# Factors and the Distributive Property

What is the distributive property? Looking at the property with symbols might seem a little confusing at first, so let's look at the distributive property as an area model. Now, let's put this diagram into math terms using the property: The distributive property is a useful way to look at problems in a new way. The distributive property helps us to rewrite expressions and still get the same answer. Check out a couple of examples.

Example 1: Take a look at this expression: 28 + 35.

What do 28 and 35 have in common? Seven is a factor of both of them. So this means that 28 + 35 = (7 x 4) + (7 x 5).

Now, we bring in the distributive property.

We can take the 7 out of both terms and be left with the 4 and 5. The answer to 28 + 35 and the answer to 7(4 + 5) is 63. The answer is the same to both. However, you might find that getting to the answer in the second form is easier. So we can use the distributive property to rewrite expressions with common factors to help simplify the work.

Example 2: Take a look at a new expression: 99 - 54.

What do 99 and 54 have in common? Nine is a factor of both of them. So this means that 99 - 54 = (9 x 11) - (9 x 6).

Now, we will use the distributive property again.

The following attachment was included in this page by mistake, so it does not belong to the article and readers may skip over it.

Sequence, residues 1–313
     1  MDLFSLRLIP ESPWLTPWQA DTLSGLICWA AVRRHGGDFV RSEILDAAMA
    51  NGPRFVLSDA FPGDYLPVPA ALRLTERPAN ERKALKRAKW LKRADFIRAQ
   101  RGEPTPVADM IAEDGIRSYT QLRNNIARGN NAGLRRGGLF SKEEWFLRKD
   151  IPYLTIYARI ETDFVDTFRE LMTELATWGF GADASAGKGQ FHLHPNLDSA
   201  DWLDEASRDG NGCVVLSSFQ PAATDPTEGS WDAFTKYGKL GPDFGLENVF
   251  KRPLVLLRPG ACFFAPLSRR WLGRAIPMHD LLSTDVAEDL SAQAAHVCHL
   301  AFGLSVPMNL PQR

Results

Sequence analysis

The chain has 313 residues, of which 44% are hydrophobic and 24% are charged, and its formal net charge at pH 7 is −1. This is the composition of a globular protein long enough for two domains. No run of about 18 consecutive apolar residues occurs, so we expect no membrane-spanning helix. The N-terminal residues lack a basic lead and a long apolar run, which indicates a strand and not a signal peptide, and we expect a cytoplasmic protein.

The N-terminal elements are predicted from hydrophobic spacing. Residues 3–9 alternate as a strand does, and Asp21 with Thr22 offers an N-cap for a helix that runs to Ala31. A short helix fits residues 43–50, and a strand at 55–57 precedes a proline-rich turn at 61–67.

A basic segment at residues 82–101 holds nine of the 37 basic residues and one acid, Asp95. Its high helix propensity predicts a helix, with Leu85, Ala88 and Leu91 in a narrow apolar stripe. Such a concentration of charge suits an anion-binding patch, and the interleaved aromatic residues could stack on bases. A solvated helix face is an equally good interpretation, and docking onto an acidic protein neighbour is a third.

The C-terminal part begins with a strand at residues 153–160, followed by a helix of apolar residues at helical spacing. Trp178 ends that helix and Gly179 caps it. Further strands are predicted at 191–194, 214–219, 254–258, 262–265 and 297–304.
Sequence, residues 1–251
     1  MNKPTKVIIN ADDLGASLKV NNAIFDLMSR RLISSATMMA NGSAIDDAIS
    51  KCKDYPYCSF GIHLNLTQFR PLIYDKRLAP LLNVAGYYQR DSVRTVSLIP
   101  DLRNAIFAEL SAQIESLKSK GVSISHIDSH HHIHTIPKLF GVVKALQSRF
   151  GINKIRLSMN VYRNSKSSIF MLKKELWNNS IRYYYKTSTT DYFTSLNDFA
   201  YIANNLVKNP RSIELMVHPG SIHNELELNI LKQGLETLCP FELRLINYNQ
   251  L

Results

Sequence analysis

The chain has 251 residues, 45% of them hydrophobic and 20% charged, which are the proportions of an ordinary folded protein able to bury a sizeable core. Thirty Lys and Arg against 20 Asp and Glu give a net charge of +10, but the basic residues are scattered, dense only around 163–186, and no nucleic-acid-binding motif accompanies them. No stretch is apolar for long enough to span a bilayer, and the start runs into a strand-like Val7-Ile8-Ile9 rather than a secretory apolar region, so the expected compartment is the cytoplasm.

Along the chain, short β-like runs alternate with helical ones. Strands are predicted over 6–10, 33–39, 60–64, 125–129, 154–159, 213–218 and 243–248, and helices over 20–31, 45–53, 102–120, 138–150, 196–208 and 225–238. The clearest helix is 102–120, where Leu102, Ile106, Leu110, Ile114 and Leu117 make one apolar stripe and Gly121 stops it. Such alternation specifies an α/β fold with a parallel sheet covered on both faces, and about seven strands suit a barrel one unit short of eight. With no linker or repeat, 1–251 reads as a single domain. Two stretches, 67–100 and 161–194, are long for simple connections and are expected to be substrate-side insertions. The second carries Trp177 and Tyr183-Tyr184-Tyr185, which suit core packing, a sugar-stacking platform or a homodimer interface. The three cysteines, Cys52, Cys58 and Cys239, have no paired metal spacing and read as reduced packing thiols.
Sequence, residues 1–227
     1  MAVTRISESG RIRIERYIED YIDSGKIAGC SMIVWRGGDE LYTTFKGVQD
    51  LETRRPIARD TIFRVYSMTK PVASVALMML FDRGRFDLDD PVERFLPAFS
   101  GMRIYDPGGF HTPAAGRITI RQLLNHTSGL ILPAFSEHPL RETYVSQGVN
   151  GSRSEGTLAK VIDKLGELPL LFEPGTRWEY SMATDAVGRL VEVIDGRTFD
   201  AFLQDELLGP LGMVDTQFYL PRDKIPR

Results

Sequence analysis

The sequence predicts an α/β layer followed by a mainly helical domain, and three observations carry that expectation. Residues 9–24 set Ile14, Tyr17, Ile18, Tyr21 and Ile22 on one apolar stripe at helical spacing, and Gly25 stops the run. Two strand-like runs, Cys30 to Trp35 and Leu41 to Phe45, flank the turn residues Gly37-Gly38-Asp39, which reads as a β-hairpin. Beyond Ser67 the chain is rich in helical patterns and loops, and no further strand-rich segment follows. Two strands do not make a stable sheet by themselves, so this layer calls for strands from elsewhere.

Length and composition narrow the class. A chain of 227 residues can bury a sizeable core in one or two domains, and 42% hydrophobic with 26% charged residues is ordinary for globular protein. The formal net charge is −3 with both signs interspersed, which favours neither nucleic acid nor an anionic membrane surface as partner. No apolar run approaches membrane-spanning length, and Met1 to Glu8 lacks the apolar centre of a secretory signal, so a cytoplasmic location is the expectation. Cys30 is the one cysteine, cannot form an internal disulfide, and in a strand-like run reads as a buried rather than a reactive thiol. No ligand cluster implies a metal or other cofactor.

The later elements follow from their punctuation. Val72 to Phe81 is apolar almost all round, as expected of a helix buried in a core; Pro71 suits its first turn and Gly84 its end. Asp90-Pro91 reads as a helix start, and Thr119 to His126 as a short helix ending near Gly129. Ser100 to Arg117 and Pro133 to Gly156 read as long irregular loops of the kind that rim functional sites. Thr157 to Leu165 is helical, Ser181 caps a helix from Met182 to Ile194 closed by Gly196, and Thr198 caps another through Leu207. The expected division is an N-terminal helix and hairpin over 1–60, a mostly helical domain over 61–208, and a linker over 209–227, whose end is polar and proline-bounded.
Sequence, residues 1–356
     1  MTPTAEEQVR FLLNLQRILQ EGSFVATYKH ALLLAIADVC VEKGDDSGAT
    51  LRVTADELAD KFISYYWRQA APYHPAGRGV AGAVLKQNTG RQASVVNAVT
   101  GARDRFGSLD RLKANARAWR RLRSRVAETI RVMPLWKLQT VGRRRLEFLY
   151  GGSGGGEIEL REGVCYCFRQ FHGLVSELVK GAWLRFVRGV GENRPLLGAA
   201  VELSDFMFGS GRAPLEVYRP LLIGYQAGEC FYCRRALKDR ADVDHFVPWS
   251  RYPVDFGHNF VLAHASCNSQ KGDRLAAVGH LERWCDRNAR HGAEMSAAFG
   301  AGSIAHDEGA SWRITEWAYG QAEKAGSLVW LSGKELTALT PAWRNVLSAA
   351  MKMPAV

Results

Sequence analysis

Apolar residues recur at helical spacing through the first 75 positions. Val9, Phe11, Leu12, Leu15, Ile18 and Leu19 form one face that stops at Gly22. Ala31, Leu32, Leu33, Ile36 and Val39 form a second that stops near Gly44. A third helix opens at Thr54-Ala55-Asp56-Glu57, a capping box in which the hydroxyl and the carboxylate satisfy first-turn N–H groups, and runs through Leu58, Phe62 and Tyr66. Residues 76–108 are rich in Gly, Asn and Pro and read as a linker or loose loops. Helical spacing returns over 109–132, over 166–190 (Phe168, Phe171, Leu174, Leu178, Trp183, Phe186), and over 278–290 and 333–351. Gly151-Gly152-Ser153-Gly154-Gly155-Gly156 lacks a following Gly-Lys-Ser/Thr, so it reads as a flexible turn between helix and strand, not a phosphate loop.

We can take the 9 out of both terms and be left with the 11 and 6. The answer to 99 - 54 is the same as the answer to 9(11-6). Both have an answer of 45. Again, using the distributive, we can rewrite the expression. Rewriting the expression can sometimes help us to solve the question more easily or shed light on different features of the problem.

Let's extend the distributive property to include variables. We will start with an area model again. This shows us that 8(x + 13) = 8x + 8(13) = 8x +104. So 8(x + 13) is the same as 8x + 104.

Here are a few more examples: Let's Review: The distributive property is a great way to rewrite expressions in order to solve them in a different way. We can distribute, or multiply each number in the parentheses by the number outside the parentheses.

5(x + y) = 5(x) + 5(y) = 5x + 5y

We also use the distributive property to solve in the opposite order.

99 + 63 = 9 x 11 + 9 x 7 = 9(11 + 7) = 9(18)

Not matter how you use it, the distributive property helps us the rewrite expressions in a new equivalent form that can be used to help us to solve.